But as with every story when it is going remarkably well, disaster struck. Milo’s mom was killed in a suspicious accident when she was still quite young. To support them, Milo’s father had to take on more jobs and steadily grew distant. As an only child, Milo got used to doing things on her own and took fate into her own hands. She used the stone that took her back in time and killed a dinosaur. Returning to her time, she showed her father exactly where it was so he could excavate it.

This brought in a huge amount of money to the family. She was able to do this over and over again until they moved from there little house at the edge of the city to a huge estate on the hilltops far away. But with each new discovery, her dad had to sacrifice more and more of his time to the dig and spend less of it with Milo. A maid and butler were hired to take care of Milo and the house and things started to settle down again. She had just been accepted to a prestigious school not far from home when her life got turned upside down again.

Now 17 and halfway through her senior year in high school someone in the government got suspicious of her father’s archaeological discoveries and detained him for questioning. Milo was then forced to move in with the only other relatives she had, her aunt, uncle and cousin who currently lived in Japan.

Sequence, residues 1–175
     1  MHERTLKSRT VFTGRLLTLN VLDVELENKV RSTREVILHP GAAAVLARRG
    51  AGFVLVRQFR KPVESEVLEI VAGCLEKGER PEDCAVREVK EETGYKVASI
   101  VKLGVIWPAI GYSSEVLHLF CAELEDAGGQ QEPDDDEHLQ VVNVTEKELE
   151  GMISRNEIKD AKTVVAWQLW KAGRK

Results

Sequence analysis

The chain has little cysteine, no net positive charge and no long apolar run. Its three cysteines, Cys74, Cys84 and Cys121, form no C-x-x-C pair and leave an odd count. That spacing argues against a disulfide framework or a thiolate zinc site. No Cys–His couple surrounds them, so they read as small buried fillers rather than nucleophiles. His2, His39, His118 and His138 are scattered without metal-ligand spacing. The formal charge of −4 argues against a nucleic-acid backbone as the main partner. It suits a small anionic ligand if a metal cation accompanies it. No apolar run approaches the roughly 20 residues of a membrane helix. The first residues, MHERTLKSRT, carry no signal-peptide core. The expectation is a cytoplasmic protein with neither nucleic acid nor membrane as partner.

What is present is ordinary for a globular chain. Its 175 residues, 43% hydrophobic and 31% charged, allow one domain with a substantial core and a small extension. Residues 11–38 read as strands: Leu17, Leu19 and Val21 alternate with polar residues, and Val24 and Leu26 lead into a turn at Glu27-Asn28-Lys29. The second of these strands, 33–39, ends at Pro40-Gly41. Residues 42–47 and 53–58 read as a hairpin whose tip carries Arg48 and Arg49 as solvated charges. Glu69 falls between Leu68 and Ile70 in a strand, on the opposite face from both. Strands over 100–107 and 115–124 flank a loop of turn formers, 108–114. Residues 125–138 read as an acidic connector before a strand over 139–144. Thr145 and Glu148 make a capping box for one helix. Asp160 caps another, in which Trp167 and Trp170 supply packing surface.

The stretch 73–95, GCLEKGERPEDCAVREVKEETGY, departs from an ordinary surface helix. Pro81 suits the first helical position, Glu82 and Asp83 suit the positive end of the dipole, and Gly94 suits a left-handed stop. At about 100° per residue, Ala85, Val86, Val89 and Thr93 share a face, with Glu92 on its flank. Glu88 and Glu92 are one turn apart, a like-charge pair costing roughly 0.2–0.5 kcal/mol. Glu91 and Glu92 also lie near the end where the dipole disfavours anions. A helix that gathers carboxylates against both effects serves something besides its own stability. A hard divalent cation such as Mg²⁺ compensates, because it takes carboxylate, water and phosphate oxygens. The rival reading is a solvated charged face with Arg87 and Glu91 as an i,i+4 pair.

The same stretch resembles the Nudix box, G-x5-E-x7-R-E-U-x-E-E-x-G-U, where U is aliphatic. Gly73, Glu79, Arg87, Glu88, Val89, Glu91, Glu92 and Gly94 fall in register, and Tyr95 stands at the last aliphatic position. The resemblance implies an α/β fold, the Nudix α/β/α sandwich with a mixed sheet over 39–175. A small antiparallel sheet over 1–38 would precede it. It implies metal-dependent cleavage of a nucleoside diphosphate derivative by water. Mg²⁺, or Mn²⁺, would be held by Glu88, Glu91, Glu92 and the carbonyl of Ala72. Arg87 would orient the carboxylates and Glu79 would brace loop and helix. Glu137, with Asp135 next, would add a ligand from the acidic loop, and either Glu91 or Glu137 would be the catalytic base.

She arrives having never really met these people before and has no idea what is happening to her father.  She moves into the house which is much smaller than the one she had gotten so comfortable in but more than that is upset by the time stone having been taken by the government. Her winter break is a crash course in Japanese so that she can spend the last half of her high school year with her cousin at his school.

As she starts the new school year she feels more excluded than ever and is completely uninterested in her schools. She quickly becomes the ‘quiet kid’ in class and does not have the confidence to speak up and be friendly. Her extended family is a constant reminder of what her family used to be like and suddenly Milo is more lonely than ever.

Cue the start of the story.